The London Times3 February 1877

NESTORIANS - URMIA

THE NESTORIANS. The Rev. - James Davis, writing to us from the office of the Evangelical Alliance, 7, Adam-street, Strand, W.C., sends us the following extract from a letter just received from the Secretary of the Persian Branch of this Alliance. 'l'he writer is a missionary of long-standing among the Nestorians, and one of the many agents of the Ameican Board of Foreign Missions : " Oroomiah, Persia, Dec. 20, 1876. Allow me, on behalf of the American missionaries in Persia to address you on a subject causing much uneasiness in this district. Mar Shimoon, the Nestorian Patriarch, early in this month seized several native Nestorian preachers in the employment of the American missionaries. They were treated with marked indignities, robbed of a sum of money by the servants of the Patriarch, and theu expelled from the mountains where they were about to locate. The reason assigned for this unprecedented outrage on his part is that he has durinh the past summer placed himself and his people under the fostering care of the Archbishop of Canterbury and the Church of England, and he proposes in future to exclude all other preachers of the Gospel from his people. We intend forwarding as soon as possiblo to his Grace the Archbishop of Canterbury an address upon this grave issue of his late delegation to the Patriarch. Meanwhile we would request, if it meet with your approval, that this outrage upon religious liberty and the privileges we have enjoyed for so many years should be made known in England, in whoso name the deed is done. The address to the Archbishop, which has now been received, admits that the Patriarch did make an effort to recover the money stolen by his own men, almost upon his own premises, and that a portion of it was restored. The American mission was undertaken with the hope of purifying the worship of the ancient Nestorian Church and reviving its spirit of piety aud missionary zeal through the existing ecclesiastical organization. This hope was not abandoned until, after many years of labour, its realization abandoned until, after many years of labour, its realization was found impossible. Patient and perservering efforts were made to enlist, the Patriarch and priesthood in the work of educating and elevating the people, until at length the fact was recognized that in religion, as in politics, the thing to be reformed is seldom a useful ally in the work of reformation. The work has since been carried out directly with the people. The work accomplished and its results speak for themselves. For nearly half a century the missionaries from the American churches, at an average annual outlay of $25,000, have toiled to improve the condition, spiritual and temporal of the Nestorian people. From an English diplomatist in the East, the statement comes that the American mission has done more than all the foreign Embassies in the country to ameliorate the conditions of the people of Persia. While approving the correctness of this statement, the memorialists take the opportunity to make grateful acknowledgment to the promptness with which the representatives of Great Britain have almost uniformly seconded their efforts when they have asked their aid. Since 1835-67 adult missionaries have laboured at Oroomiah, l0 to 12 of these entirely or principally in the mountains, four being buried there. Flourishing male and female schools have been in operation from an early period. From the former about 150 preachers and teachers have been sent out. The numerous graduates of the latter are scarcely, if any, less useful in their own sphere. Five seIf-supporting churches have been organized, with 10 others partially self-supporting, and there are 46 congregations with helpers under the care of the missionaries. Three high schools and 60 villiage schools, partly supported by the missionaries, are in operation. Among the Nestorians of Persia, with a population of 25,000, there are very few villages of more than 20 houses in which the missionaries have not planted a school. The membership of the church was about 875-125 of whom were added during the past year, with the promise of a greater number the coming year, as a result of the work of grace now in progress in the Churches. Notable among the labour of the missionaries was the translation of the venerable Paschito veersion of the New Testament into the spoken tongue, which had not previously been reduced to writing, and the publication by the Mission Press of 21 million pages of a Christian literature in Syriac. Acommodious hospital aud a medical training class had been organized, and gratuitous medical services to the poor had always been a prominent feature of the mission work. The mountain field gives a less encouragin result, attributable in part to the physical obstacles it presents to successful missionary labour, and in part the wild and lawless character of the people themselves, together with the hostility of the Patriarch to all reforms whether from within or without his Church. There are several, bright spots, however, here, among them the Church at Hassan, in Bohtan, whose honoured pastor formerly a Bishop of the old Church. The memorialists ask whether there is room for another Mission. The new Mission do not expect to build except upon the foundations which had been laid. The new-comers could ohly expect to carry on their work by employing the men whom their predecessors had educated, paying them.higher wayges than they could give. In conclusion the memorialists suggest that a letter to Mar Shimoon, from the Archbishop, in accordance with the Catholic spirit in which they feel assured he will view the case, would be amply sufficient to prevent the Patriarch and his Church from construing the terms of their alliance with him in a sense adverse to their principles of religious liberty.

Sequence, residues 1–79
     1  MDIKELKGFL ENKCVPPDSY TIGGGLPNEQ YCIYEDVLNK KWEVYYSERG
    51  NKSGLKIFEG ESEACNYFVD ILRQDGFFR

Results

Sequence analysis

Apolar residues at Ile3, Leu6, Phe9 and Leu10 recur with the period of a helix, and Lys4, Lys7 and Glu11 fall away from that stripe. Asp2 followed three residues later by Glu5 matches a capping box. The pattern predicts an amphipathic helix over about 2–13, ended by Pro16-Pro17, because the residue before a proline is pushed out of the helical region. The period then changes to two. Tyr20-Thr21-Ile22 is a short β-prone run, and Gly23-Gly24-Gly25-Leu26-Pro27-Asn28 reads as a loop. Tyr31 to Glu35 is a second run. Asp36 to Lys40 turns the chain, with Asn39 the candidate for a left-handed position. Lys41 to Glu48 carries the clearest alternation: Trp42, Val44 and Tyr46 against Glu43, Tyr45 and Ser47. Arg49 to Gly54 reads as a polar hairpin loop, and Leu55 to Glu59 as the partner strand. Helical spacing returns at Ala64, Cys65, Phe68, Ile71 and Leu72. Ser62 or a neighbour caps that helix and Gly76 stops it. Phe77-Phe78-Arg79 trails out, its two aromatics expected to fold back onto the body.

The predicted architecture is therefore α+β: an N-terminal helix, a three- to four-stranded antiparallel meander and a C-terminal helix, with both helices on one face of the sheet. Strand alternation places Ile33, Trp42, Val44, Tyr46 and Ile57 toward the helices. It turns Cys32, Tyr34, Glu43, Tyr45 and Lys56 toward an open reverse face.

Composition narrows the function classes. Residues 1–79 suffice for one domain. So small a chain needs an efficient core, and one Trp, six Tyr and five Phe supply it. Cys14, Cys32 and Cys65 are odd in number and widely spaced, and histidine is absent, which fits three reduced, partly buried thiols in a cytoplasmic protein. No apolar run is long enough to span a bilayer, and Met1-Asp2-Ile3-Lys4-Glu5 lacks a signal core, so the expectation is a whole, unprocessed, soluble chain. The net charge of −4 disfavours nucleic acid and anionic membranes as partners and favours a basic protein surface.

The London Times